Though we spent most of our time in larger cities like Dakar and Saint Louis, we did have the opportunity to visit some smaller villages. Life there is very different from life in the city, and I loved getting to meet and talk to the people there. They have such an open, friendly, community-oriented philosophy of life, and were incredibly welcoming to us. In fact, it surprised me how willing they were to let us into their lives.
We went downtown on Friday afternoon to see the grand prayer at the mosque there. The streets were so crowded, the closest we could get was two blocks away from the mosque. The streets had been transformed into an extension of the mosque, with hundreds and hundreds of people laying out mats and rugs in the middle of the street itself to pray. We stood behind them and watched. It gave me chills to see the unity and faith of the people there. All across the city, thousands of men and women were praying at the same time to the same God. Of course, as soon as the prayer ended, the street went back to its previous state of commerce and chaos, but for a moment everything was quiet and still.
We rode past a bunch of microgardens, where the villagers had developed a way to cultivate herbs and some vegetables in the middle of the desert. We passed a desert oasis, complete with palm trees and fresh water. We rode all the way to the beach, which was one of the most beautiful, serene, pure, clean beaches I’ve ever seen. The sand was smooth and white, the water clear and soothing. The setting sun and the ocean mist coated everything with a soft gold halo.
Bissap: Not a dish, but a drink! It’s a strong infusion of hibiscus flowers, made by boiling water, adding dried hibiscus flowers, sealing the container and letting it chill. The Senegalese add plenty of sugar to make it sweet, and often a bit of vanilla. It tastes like the best fruit juice I’ve ever had, though it’s not from a fruit. I plan to buy several sacks of the dried flowers so that I can make some at home.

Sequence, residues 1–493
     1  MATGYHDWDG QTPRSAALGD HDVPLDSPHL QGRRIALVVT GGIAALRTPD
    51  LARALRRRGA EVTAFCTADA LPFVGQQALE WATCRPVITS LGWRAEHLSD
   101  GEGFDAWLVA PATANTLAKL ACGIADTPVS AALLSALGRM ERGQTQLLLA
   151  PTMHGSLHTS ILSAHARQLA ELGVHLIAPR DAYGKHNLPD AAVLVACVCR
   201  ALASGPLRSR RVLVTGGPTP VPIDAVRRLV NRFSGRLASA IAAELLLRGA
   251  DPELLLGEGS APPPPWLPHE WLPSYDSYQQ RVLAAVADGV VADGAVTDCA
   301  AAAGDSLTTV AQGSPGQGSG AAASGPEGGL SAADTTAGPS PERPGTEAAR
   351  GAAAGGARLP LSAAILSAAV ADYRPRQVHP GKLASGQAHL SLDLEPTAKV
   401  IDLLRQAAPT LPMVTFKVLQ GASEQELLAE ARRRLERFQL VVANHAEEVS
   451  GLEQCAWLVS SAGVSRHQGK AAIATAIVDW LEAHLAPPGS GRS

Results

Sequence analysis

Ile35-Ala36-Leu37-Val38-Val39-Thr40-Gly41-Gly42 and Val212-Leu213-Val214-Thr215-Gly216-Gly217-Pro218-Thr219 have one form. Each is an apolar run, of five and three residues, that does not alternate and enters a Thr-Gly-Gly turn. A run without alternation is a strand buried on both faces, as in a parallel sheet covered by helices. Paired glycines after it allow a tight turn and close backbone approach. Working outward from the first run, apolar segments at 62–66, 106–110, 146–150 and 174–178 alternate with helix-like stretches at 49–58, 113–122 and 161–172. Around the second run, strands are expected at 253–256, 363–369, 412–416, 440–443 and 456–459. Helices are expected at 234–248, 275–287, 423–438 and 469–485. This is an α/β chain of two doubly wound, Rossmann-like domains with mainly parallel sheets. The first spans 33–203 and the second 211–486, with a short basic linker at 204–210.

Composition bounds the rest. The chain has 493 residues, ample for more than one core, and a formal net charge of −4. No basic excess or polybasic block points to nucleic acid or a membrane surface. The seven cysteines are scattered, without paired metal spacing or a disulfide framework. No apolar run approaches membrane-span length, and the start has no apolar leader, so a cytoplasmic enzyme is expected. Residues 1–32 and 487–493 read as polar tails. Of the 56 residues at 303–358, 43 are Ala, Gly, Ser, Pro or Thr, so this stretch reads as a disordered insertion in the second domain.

They spend much of their time memorizing the Quran. At first, they don’t really understand what they’re saying, but they learn the pronunciation and the learn to sing the verses. They keep practicing until the get it perfect, because they are taught that God’s word is perfection and should not be said imperfectly, either by mixing up the words or mispronouncing them. As time goes on, as they learn Arabic, and as they are taught the doctrine, the children begin to understand what the verses mean.
L’Ile de Gorée is one of the most beautiful places in Senegal. The colorful houses and quaint narrow streets are unbelievably charming. The artisan’s markets are beautiful to browse, and the variety of the handmade art is surprising, given how small the island is. It’s more diverse than most markets in Dakar, at least as far as art and jewelry. In spite of its beauty, Gorée has a dark history. It played a central role in the slave trade out of Africa. At least 100 million slaves passed through Gorée, through the Maison des Esclaves.